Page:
In this tutorial, you will learn about the different ways of dealing with global settings within Umbraco V8. Out-of-the-box Umbraco does not provide any mechanisms for developers to deal with global settings. Global settings are a staple of pretty much every single CM project I have ever worked on. Feature flags, header and footer settings, sitewide meta-data, all these settings need to be stored somewhere in the CMS. This draws the question where? It will be up to you to answer this question. Within this tutorial, I will propose three solutions that you can use:
- The Homepage Settings Pattern
- The Settings Page Pattern
- The Settings Block Pattern
The Homepage Settings Pattern
The homepage settings pattern is by far the most common pattern used in almost every CMS. In this pattern all global settings are stored on the homepage document-type. Normally a tab, or, a section is created on the homepage document-type called 'Settings', or, something equality imaginative is defined. Its primary usage is a general placeholder area for all site settings. You can see this pattern applied in the majority of the starter-kits. For example, if you checkout the Fanoe starter kit you will see this pattern in action.
There are both advantages and disadvantages of the homepage settings pattern.
- You do not need to create any additional document-types
- The homepage is easy to access anywhere in code
- Homepage bloat
- Hard for content editors to understand the homepage
The main disadvantage of this pattern may not be too noticeable when the website is first launched. When a website launches you may only need a handful of properties. Imagine fast-forwarding 5 years into the future. it is impossible to predict how the site will change over time. Re-designs occur. New components will be required.
Keep track of what settings what to what features becomes a burden and a chore.
To make things worse, there is also a risk associated with removing these properties from the homepage. Imagine removing a setting that you think is obsolete. Unbeknown to you, this particular setting is used on the menu. Removing the setting in production breaks the menu. This it turns breaks the whole site. This type of refactoring is a big risk of using the homepage settings pattern. I have seen several live production websites being taken down due to it over the years. So be warned. As refactoring properties from the homepage adds risk even developers with the best of intentions can be hesitant to maintain settings on the homepage.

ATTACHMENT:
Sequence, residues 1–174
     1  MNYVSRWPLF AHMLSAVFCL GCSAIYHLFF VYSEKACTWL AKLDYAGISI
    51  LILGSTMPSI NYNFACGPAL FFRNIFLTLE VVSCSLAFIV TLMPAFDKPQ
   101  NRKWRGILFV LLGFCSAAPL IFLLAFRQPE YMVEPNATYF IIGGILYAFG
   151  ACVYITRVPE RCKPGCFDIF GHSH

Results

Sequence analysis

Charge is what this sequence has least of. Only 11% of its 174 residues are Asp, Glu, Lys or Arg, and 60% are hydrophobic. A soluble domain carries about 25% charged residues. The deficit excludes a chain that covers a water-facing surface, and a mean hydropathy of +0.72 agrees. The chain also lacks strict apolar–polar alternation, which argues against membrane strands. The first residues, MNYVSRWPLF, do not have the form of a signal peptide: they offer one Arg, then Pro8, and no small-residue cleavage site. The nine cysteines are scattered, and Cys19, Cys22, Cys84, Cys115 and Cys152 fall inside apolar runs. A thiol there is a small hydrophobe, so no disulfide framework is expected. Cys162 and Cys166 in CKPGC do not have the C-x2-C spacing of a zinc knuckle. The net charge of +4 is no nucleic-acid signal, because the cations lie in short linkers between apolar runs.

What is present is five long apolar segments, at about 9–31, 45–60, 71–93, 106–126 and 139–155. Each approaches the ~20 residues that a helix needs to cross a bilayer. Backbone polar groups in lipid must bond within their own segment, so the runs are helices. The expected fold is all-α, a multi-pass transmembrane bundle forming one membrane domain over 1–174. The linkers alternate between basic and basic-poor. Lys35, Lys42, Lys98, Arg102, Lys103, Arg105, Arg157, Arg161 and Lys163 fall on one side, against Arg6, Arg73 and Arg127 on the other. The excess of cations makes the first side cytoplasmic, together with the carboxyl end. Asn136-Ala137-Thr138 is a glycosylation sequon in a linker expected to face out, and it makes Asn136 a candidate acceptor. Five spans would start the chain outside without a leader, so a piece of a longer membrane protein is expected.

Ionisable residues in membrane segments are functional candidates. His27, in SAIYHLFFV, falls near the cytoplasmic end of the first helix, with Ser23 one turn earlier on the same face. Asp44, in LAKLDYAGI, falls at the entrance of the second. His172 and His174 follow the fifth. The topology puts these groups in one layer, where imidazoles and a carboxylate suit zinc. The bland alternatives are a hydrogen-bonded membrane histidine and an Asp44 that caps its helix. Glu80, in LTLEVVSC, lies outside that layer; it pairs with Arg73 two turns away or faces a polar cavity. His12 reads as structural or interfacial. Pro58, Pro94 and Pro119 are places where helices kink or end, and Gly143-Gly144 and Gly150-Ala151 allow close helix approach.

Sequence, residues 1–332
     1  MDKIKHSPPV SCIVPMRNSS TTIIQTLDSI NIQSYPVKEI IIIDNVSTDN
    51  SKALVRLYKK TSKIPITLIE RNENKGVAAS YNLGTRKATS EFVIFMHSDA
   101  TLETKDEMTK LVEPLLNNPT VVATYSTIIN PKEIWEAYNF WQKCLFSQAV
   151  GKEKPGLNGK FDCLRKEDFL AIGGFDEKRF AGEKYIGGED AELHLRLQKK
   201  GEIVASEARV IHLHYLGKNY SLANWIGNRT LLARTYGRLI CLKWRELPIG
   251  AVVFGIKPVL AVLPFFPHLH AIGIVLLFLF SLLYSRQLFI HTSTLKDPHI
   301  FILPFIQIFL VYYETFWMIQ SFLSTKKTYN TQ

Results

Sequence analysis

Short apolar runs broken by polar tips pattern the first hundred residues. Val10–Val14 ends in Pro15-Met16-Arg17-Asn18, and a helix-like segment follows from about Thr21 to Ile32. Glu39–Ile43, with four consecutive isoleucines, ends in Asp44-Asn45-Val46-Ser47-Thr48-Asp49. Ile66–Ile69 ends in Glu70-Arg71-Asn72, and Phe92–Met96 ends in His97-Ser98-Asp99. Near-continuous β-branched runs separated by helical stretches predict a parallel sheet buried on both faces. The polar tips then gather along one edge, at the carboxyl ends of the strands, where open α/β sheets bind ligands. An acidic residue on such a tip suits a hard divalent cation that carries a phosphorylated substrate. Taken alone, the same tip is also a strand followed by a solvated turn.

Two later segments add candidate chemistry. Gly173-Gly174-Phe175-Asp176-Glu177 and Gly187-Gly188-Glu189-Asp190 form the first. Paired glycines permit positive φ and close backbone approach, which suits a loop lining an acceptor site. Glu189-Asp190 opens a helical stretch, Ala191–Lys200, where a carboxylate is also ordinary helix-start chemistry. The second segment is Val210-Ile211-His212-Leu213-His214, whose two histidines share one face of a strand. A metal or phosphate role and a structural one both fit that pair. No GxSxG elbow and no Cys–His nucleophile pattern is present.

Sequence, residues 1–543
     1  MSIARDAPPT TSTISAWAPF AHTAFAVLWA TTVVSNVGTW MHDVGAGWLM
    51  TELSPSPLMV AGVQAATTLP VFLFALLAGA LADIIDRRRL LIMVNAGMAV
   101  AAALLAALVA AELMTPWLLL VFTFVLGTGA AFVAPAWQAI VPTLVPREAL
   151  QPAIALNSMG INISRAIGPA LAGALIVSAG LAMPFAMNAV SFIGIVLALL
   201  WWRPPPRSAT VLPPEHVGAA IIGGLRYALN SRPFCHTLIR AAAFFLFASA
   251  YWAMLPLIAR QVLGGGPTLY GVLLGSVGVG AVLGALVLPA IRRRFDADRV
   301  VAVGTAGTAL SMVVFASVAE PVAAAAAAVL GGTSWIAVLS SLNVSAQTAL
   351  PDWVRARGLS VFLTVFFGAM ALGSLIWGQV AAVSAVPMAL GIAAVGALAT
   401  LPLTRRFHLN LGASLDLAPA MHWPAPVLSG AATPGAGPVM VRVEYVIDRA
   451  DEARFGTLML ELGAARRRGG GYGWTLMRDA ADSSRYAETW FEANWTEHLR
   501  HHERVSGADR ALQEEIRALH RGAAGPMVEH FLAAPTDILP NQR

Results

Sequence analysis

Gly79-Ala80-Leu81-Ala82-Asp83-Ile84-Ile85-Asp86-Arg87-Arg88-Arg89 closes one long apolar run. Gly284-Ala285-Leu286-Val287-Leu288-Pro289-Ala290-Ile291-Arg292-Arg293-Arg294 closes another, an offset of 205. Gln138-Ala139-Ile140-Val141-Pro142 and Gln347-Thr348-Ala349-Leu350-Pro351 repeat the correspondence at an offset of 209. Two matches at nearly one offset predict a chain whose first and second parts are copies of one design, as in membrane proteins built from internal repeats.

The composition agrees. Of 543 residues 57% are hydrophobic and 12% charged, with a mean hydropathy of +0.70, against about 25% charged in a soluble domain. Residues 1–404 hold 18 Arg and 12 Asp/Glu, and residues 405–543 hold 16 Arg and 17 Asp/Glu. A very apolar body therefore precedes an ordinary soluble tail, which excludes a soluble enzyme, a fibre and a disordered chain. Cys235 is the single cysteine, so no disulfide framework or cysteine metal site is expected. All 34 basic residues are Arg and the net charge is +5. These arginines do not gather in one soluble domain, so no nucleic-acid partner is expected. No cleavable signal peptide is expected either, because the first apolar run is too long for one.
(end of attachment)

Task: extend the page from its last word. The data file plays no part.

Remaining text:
The code to access settings on the homepage can be done using the
IUmbracoContextFactory. In this approach my recommendation is to create a service that you inject into your route-hijacked controllers, like this:
The code above uses the Umbraco ModelsBuilder. The
Home type was generated based on a document-type within the CMS.
Settings Page Pattern
An alternative approach to storing settings on the homepage is to create a document-type specifically used for storing global settings. The settings page is usually located outside of the website hierarchy as a child of the root node. Which could also be referred to as a sibling of the homepage. The Umbraco content-tree in this pattern would look like this:
- Page 1
- Page 2
This pattern definitely has more advantages than disadvantages. The advantages include:
- Settings can be more easily refactored
- No page-load impact on the homepage
- Decoupled architecture
While the main disadvantages being:
- An additional document-type needs to be created
To access a settings-page within code can be done using
Note The code above assumes site settings document-type is called 'settings page'.
It would also possible to put the settings as a child of the homepage. I would advise against this though. In this pattern the CMS content-tree would look like this:
- Page 1
- Page 2
The first issue with this approach is that the page could be indexed and returned within the search results, the menu, or the site-map. This approach is also a lot less secure. Global settings should never be publicly accessible and ensuring the setting-page sits outside the main content tree will present this.
The settings-block pattern is a variation of the settings page pattern. As of Umbraco V8.9, Umbraconow ships with a new property called the block-list editor. For this discussion, the important concept to grasp is the usefulness of a block. Blocks are also made from a document-types meaning there are no be concepts to really grasp to start using them. A block can contain all the same properties as any other document-type. This means that you can build one or more settings blocks to store global settings. These blocks can then be added to a settings page as long as it has a lock-list editor defined within it.
The benefit of this thrid pattern is the layer of abstraction it provides. Closely related global-settings can be added into different blocks. These blocks can then be added to the setting page. Blocks provide more robust process for maintaining global settings. Batching related settings into specific blocks will give more flexibility. If a batch of settings become obsolete. Within the CMS the block simply is removed from the block-list property on the settings page. When new settings are required, a new block can be created and associated with the settings page.
Being able to add and remove blocks like this follows the open/close principle in SOLID. Settings can be added without modifying the behavior of the existing system. This will make maintaining global settings in the future easier. Another added side-effect of having global settings split across multiple blocks will prevent a monolith from occurring. To get started with the settings-block approach you would use this code:
Within a controller a setting can be accessed like this:
FeatureFlags is a block added into a block-list-editor. YOu can see this working, in my V8 sample site here. Happy Coding!